My prayers and Instagram posts and coffee conversations with people said I had. I truly was doing the best I could, and I continued to praise God along the way. But as hard as I tried, I made plenty of mistakes. The world kept praising me for how well I was handling everything, but behind those praises, I felt like a fraud. I knew all the moments I’d snapped and yelled at my parents or sisters for no reason. I knew the nights I’d drunk myself to sleep because I was afraid to lie awake again in our bed alone. I knew all the people I’d avoided or lied to, pretending I didn’t get their messages because I felt too depleted to talk. I knew the ways and occasions I had handled grieving far from well, and they burdened me. That behavior wasn’t who I wanted to be, and it wasn’t helpful. My deep, unaddressed pain was, as my therapist put it, “coming out sideways.”

On top of the shame I was feeling because of these sideways behaviors, grief had also totally ransomed my memory. No matter how much I strained to remember or how reflective I was, my mind seemed to have taken a complete sabbatical. I simply couldn’t remember things! I couldn’t remember times Ben and I had shared, things he’d said, even intimate physical details about him. It was like my hard drive had been erased. I felt captive to my grief and frustrated that it seemed to be getting the better of me.

Then one bitter December day, I went to see my therapist. I shared with her about my struggle to remember and the regrettable “sideways” reactions.

I kept staring at the whiteboard and at that word: acceptance. I couldn’t imagine accepting everything that had happened, but even more than that, I didn’t want to accept that I had, at times, handled my hurt so poorly. I blamed myself for making mistakes and looking so faithful to the world when I’d failed on many occasions. I’d thought I was doing well, but maybe I couldn’t handle grief as well as I thought I could.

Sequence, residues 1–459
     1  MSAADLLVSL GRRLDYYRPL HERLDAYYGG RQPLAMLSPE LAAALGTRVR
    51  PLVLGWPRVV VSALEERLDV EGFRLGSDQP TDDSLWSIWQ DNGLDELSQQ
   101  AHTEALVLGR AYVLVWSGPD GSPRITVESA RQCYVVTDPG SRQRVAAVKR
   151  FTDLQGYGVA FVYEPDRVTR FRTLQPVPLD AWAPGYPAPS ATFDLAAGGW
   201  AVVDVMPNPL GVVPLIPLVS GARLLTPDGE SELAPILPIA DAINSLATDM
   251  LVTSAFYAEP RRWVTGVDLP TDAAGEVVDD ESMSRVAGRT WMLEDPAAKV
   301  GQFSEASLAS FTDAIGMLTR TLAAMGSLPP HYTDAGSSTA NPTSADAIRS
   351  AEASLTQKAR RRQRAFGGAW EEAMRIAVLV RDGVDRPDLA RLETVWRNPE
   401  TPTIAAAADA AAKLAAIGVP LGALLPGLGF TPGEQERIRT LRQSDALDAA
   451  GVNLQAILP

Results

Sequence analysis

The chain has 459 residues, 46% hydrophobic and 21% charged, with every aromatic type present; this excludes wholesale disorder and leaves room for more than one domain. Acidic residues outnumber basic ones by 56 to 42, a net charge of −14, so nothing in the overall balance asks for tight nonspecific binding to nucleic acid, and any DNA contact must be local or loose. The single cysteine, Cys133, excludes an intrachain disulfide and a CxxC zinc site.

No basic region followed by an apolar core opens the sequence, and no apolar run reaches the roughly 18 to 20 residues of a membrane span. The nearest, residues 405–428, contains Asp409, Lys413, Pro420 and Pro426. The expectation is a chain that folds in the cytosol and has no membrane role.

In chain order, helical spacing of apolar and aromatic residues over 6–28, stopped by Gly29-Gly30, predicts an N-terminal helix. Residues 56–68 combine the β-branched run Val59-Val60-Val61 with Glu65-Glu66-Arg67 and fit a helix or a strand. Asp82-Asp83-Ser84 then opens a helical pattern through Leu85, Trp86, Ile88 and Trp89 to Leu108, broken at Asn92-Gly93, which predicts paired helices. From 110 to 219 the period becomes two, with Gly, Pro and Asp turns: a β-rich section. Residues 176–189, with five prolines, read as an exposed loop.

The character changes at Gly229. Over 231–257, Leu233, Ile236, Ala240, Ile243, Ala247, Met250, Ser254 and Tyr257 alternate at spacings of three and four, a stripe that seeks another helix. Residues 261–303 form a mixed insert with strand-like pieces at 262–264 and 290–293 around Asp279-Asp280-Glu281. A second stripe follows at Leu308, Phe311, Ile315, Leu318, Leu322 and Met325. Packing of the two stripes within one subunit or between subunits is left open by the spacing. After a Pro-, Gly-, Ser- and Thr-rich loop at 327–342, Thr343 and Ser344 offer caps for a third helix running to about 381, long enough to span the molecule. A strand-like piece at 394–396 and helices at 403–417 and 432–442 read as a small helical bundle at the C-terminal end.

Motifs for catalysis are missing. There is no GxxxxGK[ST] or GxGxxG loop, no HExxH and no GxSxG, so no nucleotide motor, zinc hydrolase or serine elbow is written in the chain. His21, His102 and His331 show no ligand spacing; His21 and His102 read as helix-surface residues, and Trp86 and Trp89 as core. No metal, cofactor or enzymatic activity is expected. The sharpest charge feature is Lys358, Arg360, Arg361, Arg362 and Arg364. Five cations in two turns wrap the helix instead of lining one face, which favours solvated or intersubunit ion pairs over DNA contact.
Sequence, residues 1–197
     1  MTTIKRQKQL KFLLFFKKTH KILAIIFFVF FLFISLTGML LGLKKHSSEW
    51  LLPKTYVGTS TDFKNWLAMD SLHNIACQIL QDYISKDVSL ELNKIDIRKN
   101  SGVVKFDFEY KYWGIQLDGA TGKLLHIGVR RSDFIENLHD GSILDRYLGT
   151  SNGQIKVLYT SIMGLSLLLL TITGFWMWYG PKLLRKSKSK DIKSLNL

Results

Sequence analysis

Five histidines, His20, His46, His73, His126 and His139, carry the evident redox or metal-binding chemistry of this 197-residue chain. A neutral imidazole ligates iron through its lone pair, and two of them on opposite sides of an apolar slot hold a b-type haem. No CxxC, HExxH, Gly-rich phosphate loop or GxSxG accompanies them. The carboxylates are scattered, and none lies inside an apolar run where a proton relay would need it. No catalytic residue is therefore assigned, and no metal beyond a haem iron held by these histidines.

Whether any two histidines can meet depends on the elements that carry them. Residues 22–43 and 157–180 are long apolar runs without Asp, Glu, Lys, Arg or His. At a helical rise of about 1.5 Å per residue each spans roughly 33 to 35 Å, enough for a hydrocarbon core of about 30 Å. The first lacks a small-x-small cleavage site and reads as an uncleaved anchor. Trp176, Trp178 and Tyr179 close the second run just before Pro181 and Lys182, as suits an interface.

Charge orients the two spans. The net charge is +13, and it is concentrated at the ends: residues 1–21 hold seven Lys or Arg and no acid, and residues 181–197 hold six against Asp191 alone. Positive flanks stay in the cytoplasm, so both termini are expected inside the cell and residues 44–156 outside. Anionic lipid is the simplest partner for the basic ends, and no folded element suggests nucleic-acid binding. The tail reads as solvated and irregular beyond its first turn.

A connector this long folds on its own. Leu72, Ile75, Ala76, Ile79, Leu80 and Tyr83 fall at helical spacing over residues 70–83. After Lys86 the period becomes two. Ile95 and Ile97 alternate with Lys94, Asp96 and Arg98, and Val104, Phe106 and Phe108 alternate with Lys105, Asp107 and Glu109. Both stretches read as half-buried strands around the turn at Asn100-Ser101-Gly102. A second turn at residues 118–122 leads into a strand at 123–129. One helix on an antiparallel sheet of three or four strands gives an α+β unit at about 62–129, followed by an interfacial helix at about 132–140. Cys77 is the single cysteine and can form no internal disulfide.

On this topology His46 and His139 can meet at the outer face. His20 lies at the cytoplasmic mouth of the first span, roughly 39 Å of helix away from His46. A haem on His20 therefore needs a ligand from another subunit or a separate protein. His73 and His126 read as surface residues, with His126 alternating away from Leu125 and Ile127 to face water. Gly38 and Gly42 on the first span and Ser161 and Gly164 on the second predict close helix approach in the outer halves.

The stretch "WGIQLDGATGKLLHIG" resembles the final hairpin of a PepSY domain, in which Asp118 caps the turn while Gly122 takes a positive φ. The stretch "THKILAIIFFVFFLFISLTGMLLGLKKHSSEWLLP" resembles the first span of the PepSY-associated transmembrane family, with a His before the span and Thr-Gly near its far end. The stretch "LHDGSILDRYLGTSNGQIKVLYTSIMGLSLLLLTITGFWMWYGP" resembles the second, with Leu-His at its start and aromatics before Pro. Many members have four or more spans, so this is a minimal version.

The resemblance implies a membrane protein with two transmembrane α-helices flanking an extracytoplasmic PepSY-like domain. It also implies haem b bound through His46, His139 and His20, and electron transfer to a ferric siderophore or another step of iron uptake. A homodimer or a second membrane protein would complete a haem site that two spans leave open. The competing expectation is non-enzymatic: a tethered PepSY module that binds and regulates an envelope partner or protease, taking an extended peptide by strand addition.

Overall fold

I started to cry with frustration, eyes on the floor. Then my counselor asked me two questions: “What would Ben say to you?” and “What would Jesus say to you?”

Excerpted from Lemons on Friday: Trusting God Through My Greatest Heartbreak by Mattie Jackson Selecman, copyright Mattie Jackson Selecman.

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Your Turn

Are you grieving? Give Jesus the hurt, the questions, the fear, and watch Him work. Heartbreak + Jesus = restoration. Come share your thoughts with us. We want to hear from you! ~ Devotionals Daily

 

Mattie Jackson Selecman is a certified sommelier and previously owned a wine bar in Nashville. She also has a degree in creative writing from the University of Tennessee. Tragically, she lost her husband of less than a year, Ben Selecman, in September 2018 after he suffered a traumatic brain injury while on vacation in Florida. Despite her grief, Mattie is pushing forward and has dedicated herself to helping others. Mattie and her business partner, Brooke Tometich, started a philanthropic merchandise brand dubbed “NaSHEville” in order to help women and children in need—specifically orphans, widows, and trafficked women.